Albert L. Rheb, 83, chief executive of family-owned candy company

November 16, 2001|By Jacques Kelly | Jacques Kelly,SUN STAFF

Albert L. Rheb, head of a family-owned candy-making company known to generations of Baltimoreans, died yesterday of undetermined causes at the Charlestown Retirement Community's nursing facility in Catonsville.

Mr. Rheb was 83 and lived nearly all his life above the still-active candy factory his parents established in a Wilkens Avenue rowhouse basement the year before he was born.

He began his association with the Southwest Baltimore confectionery company in the early 1930s, when he was a City College student. He often made deliveries to stalls in the Hollins and Lexington markets, where his parents, Louis and Esther Rheb, sold their sweets.

While he also took courses at the old Baltimore College of Commerce and attended a confectioners' school, Mr. Rheb learned his trade from his parents. He did not tamper with their recipes, and he prided himself on his plant's cleanliness and order.

"It worked right for his mother and father, and it worked right for him," said a niece, Karen Myrick of Baltimore. "He wasn't image-conscious. He just wanted to make a good product and keep it the way it always had been. He succeeded nicely -- he kept the quality high and the cost down."

"He made a top-quality candy," said Nicholas Konstant, a fourth-generation candy-maker whose family stall opened in Lexington Market in 1896. "He served the people of Baltimore a long time."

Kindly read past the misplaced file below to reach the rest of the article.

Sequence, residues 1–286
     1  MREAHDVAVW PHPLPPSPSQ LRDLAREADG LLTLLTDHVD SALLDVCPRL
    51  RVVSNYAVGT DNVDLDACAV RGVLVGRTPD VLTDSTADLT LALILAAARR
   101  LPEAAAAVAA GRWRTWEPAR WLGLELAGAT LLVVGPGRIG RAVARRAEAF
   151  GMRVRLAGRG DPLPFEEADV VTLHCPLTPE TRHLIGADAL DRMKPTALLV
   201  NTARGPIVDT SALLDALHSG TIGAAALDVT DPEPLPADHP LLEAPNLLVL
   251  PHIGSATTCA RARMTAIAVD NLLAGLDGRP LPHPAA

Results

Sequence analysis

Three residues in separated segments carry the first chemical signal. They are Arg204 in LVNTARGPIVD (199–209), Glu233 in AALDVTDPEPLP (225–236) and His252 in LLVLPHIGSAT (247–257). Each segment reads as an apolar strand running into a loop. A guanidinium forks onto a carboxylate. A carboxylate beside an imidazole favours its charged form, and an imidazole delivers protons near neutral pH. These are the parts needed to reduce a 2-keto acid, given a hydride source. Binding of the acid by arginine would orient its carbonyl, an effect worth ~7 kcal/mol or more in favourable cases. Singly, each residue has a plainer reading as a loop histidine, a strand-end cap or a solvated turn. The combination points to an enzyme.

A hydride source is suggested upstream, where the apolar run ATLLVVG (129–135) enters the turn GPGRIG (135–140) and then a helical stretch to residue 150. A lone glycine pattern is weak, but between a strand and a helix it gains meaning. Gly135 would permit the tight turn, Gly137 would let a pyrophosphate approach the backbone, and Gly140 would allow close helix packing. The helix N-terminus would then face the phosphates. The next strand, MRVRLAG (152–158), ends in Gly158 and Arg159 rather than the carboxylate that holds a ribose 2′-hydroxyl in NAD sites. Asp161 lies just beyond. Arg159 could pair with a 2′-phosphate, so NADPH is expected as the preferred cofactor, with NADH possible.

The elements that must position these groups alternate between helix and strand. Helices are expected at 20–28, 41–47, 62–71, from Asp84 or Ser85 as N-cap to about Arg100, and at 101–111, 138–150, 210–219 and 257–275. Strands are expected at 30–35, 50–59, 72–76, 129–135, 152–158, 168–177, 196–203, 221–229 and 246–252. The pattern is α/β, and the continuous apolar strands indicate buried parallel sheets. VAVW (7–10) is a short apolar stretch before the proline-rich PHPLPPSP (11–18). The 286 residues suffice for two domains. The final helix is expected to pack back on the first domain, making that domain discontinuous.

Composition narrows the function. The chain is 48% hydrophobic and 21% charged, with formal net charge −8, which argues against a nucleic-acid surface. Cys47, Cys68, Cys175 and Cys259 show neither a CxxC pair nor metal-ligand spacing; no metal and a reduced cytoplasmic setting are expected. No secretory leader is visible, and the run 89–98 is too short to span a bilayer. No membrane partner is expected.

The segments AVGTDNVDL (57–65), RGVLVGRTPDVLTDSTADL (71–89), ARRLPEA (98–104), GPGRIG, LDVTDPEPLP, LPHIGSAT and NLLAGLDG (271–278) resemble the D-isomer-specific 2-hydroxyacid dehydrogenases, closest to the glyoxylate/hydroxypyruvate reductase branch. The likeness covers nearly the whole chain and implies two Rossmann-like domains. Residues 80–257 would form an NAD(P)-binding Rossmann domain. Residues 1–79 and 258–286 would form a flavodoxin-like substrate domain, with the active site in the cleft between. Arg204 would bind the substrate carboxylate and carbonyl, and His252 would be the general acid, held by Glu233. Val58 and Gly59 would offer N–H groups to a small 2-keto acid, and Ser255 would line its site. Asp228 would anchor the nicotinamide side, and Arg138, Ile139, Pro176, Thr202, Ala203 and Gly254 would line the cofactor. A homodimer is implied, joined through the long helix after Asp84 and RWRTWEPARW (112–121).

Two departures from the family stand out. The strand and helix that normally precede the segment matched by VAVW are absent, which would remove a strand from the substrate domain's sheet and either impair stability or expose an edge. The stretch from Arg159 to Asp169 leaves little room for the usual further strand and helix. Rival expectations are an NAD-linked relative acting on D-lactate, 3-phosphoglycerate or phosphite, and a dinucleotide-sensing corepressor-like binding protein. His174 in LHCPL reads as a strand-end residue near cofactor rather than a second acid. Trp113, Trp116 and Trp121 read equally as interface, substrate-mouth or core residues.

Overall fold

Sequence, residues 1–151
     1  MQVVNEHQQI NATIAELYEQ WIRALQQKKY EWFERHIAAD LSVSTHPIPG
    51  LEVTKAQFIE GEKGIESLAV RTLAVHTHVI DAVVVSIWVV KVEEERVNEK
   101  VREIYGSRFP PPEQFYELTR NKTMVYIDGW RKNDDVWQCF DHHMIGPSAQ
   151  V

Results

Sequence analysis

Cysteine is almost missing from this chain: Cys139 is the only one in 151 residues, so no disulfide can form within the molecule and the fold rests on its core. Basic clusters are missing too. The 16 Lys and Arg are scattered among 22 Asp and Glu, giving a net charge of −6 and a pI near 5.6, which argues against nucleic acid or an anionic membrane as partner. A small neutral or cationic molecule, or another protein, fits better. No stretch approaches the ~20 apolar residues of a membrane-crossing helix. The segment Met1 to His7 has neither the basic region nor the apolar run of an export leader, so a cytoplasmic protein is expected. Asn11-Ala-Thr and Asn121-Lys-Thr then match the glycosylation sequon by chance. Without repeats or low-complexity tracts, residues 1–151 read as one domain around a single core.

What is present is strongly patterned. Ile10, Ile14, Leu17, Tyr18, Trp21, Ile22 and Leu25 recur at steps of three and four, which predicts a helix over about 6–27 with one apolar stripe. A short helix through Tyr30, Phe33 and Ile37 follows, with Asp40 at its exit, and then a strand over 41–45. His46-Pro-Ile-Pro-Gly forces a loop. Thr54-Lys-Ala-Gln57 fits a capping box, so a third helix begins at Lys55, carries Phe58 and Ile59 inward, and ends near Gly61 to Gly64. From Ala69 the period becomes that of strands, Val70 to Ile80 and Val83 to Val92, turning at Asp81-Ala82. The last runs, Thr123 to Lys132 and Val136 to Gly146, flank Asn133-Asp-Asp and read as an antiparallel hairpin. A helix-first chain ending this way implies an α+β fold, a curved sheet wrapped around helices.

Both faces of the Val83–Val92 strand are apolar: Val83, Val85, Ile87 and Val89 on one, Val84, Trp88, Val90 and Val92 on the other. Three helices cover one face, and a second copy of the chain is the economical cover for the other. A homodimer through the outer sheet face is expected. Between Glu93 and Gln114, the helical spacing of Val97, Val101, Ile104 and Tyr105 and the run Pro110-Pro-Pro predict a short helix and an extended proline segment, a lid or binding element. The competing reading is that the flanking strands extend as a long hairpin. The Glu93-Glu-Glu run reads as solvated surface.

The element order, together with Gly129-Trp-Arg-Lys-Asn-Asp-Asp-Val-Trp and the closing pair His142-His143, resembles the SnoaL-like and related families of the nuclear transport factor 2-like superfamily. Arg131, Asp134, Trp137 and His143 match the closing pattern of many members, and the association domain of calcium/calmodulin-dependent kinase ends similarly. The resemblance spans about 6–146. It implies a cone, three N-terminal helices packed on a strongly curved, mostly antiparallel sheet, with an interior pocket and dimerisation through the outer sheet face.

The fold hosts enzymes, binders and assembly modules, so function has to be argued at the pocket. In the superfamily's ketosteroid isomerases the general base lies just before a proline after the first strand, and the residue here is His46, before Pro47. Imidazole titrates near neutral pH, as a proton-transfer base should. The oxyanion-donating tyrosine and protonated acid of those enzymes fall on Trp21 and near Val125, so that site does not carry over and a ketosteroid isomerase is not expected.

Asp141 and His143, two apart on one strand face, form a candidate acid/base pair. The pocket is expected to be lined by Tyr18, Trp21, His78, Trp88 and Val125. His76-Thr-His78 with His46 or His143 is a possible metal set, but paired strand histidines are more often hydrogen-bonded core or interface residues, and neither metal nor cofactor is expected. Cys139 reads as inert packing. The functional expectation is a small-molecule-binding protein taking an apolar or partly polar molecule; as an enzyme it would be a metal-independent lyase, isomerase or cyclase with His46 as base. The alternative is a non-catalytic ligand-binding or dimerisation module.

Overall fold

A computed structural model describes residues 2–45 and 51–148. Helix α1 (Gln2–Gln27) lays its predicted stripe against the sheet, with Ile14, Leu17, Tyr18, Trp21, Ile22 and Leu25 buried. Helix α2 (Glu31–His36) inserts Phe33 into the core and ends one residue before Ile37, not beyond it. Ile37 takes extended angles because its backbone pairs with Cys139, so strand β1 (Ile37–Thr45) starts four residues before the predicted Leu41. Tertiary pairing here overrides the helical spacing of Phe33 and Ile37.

Because of a knee injury suffered playing football, Mr. Rheb was not eligible for military service during World War II. Wanting to serve in the war effort, however, he resigned from his candy factory job and became a Bethlehem Steel shipyard worker.

In the early 1950s, he oversaw the construction of Rheb's only free-standing retail store -- a converted garage in the 3300 block of Wilkens Ave. He also decided to give up the Hollins Market stall and concentrate his energies on the Wilkens Avenue and Lexington Market operations.

He worked long hours at the plant and often drove fresh candy shipments to Lexington Market during busy holiday periods, when it was not uncommon for customers to wait in long lines for hand-packed pound boxes. He rarely took a vacation -- occasionally a few days at Ocean City -- and his one sport was playing golf at the Rolling Road Country Club. He was a Mason and member of Boumi Temple.

Mr. Rheb became the company's president and chief executive officer in 1961, a year after his father died. He held the post until 1988, when he gave up active management.

Mr. Rheb always dressed in a heavily starched white shirt and dark trousers for work. If any chocolate stained his shirt, he went upstairs and put on a fresh one, family members said.

Of all the truffles, nougats and creams he sold, the family said, chocolate-covered caramel remained his personal favorite.

Services will be held at noon tomorrow at Loudon Park Funeral Home, 3620 Wilkens Ave.

In addition to his niece, he is survived by a sister, Esther Harger, and two nephews, Edwin "Wynn" Harger and John Harger, all of Baltimore and active in the family business.

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